Practice 10-Minute Consultation

Identifying post-traumatic stress disorder in forced migrants

BMJ 2018; 361 doi: https://doi.org/10.1136/bmj.k1608 (Published 10 May 2018) Cite this as: BMJ 2018;361:k1608
  1. Manpreet Bains, general practitioner1,
  2. Clare Shortall, refugee health lead2,
  3. Tabitha Manzuangani, patient advocate3,
  4. Cornelius Katona, medical director4,
  5. Katherine Russell, consultant epidemiologist5
  1. 1Imperial College Health Partners, London, UK
  2. 2Doctors of the World UK, London, UK
  3. 3Queen Mary University of London, London, UK
  4. 4Helen Bamber Foundation, London, UK
  5. 5Travel and Migrant Health Section, Public Health England, London, UK
  1. Correspondence to M Bains Manpreet.Bains{at}imperialcollegehealthpartners.com

What you need to know

  • Post-traumatic stress disorder (PTSD) commonly coexists with other mental health problems

  • Consider PTSD if there are risk factors and symptoms of re-experiencing, avoidance, hyperarousal, or a heightened sense of current threat, and difficulties with daily functioning for longer than one month

  • Consider whether family members are affected by the same trauma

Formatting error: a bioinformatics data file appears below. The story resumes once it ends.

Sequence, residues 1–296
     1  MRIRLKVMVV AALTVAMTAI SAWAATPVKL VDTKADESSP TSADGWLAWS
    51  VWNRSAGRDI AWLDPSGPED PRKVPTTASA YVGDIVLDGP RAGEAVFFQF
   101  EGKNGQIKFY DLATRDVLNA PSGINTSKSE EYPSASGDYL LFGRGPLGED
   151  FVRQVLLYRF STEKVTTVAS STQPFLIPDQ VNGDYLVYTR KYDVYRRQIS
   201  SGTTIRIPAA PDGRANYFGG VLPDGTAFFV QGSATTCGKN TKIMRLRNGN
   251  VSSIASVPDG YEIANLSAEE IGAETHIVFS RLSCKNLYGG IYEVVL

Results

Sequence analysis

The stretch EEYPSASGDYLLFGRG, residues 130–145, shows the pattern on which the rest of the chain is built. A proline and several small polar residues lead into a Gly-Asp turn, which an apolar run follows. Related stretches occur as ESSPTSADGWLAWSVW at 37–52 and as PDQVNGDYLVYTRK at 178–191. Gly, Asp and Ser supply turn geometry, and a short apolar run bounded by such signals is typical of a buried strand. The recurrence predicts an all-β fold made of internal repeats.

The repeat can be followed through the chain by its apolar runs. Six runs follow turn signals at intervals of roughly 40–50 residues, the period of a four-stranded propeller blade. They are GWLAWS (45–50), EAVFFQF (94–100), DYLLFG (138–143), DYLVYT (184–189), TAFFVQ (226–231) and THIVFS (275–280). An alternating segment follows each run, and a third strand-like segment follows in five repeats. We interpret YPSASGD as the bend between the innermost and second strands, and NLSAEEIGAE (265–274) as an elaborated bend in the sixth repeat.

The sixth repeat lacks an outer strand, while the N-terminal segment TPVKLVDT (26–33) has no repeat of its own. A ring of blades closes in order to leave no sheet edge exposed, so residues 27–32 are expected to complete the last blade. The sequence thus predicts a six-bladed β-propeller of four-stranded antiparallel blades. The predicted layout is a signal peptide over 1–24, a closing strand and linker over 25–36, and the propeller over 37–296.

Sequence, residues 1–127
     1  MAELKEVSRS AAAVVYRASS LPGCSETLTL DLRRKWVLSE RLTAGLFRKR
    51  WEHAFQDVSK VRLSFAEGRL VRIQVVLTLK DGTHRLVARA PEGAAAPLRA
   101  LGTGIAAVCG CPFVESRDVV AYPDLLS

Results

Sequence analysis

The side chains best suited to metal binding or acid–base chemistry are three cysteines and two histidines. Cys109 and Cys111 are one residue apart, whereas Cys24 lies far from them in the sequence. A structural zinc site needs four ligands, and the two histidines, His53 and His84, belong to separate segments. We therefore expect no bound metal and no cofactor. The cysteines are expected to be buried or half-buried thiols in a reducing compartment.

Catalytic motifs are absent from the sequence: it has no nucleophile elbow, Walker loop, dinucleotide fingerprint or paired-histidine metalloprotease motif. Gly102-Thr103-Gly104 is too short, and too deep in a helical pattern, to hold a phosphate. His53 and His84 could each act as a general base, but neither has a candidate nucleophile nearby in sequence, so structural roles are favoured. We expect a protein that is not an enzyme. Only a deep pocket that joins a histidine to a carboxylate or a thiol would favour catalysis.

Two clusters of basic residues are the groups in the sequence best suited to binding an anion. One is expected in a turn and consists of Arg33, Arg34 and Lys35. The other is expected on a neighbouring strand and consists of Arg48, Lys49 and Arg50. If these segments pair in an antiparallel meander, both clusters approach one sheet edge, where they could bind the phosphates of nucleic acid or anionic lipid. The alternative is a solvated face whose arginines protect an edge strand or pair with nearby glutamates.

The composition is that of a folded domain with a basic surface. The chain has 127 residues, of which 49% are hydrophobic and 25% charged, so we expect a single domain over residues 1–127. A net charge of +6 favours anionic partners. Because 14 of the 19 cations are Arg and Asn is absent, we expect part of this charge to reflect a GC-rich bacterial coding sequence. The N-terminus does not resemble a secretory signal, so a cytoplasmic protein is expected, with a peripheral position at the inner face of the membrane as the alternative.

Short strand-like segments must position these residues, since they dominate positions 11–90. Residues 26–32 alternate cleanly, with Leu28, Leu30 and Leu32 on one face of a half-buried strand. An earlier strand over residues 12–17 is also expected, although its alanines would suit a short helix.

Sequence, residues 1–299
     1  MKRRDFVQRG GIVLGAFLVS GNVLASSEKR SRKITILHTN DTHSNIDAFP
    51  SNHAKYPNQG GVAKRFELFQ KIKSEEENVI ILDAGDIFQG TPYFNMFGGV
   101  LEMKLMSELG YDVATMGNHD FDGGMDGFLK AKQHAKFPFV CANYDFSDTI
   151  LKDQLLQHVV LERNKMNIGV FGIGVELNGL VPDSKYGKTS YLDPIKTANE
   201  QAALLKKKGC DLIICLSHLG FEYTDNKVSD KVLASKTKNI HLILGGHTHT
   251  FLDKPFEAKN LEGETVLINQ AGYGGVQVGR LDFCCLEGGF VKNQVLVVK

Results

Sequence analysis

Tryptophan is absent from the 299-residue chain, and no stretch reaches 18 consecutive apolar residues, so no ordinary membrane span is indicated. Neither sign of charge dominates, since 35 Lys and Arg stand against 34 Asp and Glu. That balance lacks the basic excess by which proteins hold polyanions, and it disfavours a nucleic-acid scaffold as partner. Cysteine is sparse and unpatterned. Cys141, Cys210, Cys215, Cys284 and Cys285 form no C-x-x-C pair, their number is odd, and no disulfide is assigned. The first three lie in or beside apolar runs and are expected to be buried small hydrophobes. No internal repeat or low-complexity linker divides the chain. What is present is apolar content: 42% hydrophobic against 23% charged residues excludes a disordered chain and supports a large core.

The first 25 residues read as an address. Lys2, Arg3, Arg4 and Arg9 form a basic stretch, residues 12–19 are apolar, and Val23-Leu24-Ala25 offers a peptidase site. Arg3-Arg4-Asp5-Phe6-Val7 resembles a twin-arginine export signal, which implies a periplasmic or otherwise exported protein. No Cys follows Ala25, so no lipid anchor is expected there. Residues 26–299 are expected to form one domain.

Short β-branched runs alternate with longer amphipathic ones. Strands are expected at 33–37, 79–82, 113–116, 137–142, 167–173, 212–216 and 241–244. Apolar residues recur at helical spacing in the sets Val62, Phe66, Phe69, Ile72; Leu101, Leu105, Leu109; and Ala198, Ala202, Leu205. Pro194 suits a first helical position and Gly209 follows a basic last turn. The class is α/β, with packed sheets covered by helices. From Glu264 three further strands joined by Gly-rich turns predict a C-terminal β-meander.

A 35 year old man, who was recently forced to migrate because of conflict, presents with headaches. Tension headache is diagnosed and review is arranged. On return he reports that the headaches are relieved by the analgesics he was prescribed, but his sleep is poor and he has frequent nightmares, from which he wakes feeling anxious and sweating.

People who have had to undergo forced migration are more likely to have experienced the sort of trauma that would predispose them to post-traumatic stress disorder (PTSD), and are therefore at higher risk of PTSD than the general population in their new country of settlement.1 However, identifying PTSD is often difficult because vulnerable patients can be reluctant to discuss the details of these traumas without having already established trusting relationships with their doctors.

What you should cover

Establish whether there are risk factors for PTSD

If a forced migrant describes specific symptoms of PTSD or symptoms of depression, anxiety, anger, drug misuse, or alcohol misuse, ask sensitive questions about their experience and the events leading up to their forced migration to establish if there is …

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